It's Time to Stop Female Genital Mutilation
It's happening right now in the United States and in countries around the world. In 2018, millions of girls will be forced to undergo female genital mutilation (FGM), a violent act that irreparably damages their bodies, inflicting excruciating pain, life-threatening health risks and emotional trauma that can last a lifetime.
At least 200 million girls and women alive today have already endured FGM. The cruel practice reflects and reinforces gender inequality by preying on the least powerful members of society: girls between infancy and age 15. FGM is most prevalent among girls ages 14 and younger in Gambia (56 percent), Mauritania (54 percent) and Indonesia, where around half of all girls under the age of 12 have been subjected to the practice.
FGM is almost universal among girls and women between the ages of 15 and 49 in Somalia, Guinea and Djibouti. The practice persists in diaspora communities throughout Europe and the United States as families bring the custom with them from their communities of origin.
Fatouma Ali worked as a traditional cutter in Djibouti for decades until she attended a UNICEF-sponsored training session in 2008 that convinced her that FGM was cruel, unhealthy and not compatible with Islam. "I never thought we were violating human rights," she says (see video below). "Now, if I hear that someone in the area is expecting a baby, I try to get to their house quickly so I can talk to them about not cutting their daughters. Some people tried to double my fees, but I refused. Once you see the light, you cannot pretend to live in the dark."
Now a midwife, Fatouma is part of a network of 660 agents of change in her community, Balbala. She speaks out against FGM to friends, family and neighbors. "When I last counted, my group of outreach workers had saved 200 girls — 20 of them from my own neighborhood," she says proudly.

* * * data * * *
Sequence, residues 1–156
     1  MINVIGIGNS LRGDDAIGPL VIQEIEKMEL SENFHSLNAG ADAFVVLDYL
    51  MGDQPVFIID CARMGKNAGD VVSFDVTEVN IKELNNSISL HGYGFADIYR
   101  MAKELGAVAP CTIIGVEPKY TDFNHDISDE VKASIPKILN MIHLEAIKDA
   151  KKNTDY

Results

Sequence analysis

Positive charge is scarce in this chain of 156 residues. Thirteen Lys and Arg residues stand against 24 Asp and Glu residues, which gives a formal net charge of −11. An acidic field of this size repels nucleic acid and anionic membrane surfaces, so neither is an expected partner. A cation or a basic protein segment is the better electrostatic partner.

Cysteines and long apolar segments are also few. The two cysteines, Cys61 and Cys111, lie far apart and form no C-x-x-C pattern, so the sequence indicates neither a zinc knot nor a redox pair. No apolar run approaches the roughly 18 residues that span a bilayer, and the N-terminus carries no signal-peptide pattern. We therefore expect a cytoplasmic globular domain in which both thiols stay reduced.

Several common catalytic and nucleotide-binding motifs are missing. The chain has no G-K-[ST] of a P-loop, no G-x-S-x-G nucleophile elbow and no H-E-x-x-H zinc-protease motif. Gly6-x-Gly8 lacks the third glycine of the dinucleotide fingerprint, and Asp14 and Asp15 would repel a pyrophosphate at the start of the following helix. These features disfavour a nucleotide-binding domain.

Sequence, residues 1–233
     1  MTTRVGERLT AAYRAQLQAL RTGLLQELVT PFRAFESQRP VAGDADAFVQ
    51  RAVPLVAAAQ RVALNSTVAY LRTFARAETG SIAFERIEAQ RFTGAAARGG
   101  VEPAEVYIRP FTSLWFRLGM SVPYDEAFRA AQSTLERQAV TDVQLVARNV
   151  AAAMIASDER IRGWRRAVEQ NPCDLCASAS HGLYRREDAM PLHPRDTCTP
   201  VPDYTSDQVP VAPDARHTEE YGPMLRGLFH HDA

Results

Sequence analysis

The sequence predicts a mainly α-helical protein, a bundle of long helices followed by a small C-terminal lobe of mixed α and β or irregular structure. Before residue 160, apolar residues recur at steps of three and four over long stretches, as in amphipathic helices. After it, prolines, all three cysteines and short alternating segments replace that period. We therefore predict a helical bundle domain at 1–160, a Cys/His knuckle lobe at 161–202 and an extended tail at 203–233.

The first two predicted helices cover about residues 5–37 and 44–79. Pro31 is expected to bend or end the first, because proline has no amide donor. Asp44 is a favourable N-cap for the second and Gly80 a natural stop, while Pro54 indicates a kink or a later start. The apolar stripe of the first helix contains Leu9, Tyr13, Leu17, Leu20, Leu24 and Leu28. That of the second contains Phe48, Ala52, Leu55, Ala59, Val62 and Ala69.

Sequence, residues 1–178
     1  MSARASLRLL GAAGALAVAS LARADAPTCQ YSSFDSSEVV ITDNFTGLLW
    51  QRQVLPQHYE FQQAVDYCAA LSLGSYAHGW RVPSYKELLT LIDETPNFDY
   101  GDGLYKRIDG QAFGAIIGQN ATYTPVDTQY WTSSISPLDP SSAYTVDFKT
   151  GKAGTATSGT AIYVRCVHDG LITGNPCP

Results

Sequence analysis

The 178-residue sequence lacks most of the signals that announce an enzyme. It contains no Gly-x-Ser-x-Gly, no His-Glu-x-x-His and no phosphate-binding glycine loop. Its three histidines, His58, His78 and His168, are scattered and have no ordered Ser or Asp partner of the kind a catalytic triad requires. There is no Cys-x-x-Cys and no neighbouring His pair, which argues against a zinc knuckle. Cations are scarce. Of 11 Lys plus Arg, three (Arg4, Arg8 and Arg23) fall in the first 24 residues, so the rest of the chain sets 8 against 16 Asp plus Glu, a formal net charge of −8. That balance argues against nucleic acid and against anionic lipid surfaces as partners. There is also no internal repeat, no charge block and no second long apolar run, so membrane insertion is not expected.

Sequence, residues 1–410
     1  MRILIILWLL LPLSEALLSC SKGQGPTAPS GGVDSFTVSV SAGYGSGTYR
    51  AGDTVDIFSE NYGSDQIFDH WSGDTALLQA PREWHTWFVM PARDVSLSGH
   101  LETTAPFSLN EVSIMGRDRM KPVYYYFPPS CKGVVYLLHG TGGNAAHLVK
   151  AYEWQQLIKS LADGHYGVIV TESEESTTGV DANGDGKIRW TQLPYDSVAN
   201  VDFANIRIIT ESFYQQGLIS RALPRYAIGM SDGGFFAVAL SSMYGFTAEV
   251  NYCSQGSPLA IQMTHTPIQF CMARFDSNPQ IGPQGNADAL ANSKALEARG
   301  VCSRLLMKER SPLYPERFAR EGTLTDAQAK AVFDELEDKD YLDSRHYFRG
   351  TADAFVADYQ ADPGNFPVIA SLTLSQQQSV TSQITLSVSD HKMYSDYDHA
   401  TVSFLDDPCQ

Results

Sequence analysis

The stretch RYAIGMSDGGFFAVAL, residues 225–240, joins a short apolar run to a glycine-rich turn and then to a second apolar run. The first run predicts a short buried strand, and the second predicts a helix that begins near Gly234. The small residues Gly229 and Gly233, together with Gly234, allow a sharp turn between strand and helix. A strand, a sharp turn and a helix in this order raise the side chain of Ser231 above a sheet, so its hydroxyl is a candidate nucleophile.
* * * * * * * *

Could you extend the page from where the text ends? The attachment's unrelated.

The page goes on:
Working with the United Nations Population Fund (UNFPA), UNICEF fights this extreme form of discrimination against girls and women on every level. Social workers stand up for vulnerable young girls on a one-to-one basis. Trained leaders organize community outreach programs to challenge social norms village by village. Policy advocates encourage governments to reform health care practices, human rights policies and legislation. UNICEF also provides medical care and counseling for girls and women who have been harmed and traumatized by mutilation.
In countries where UNICEF and UNFPA work jointly to end FGM, girls are one third less likely to undergo this harmful practice today than they were in 1997. Girls who are not subjected to this harmful practice tend to grow up healthier and to have healthier children. They are often better educated, earn high incomes and are more empowered to make decisions about their own lives. But by 2030, more than a third of all births worldwide will be in the 30 countries where FGM persists. Millions of girls are at risk.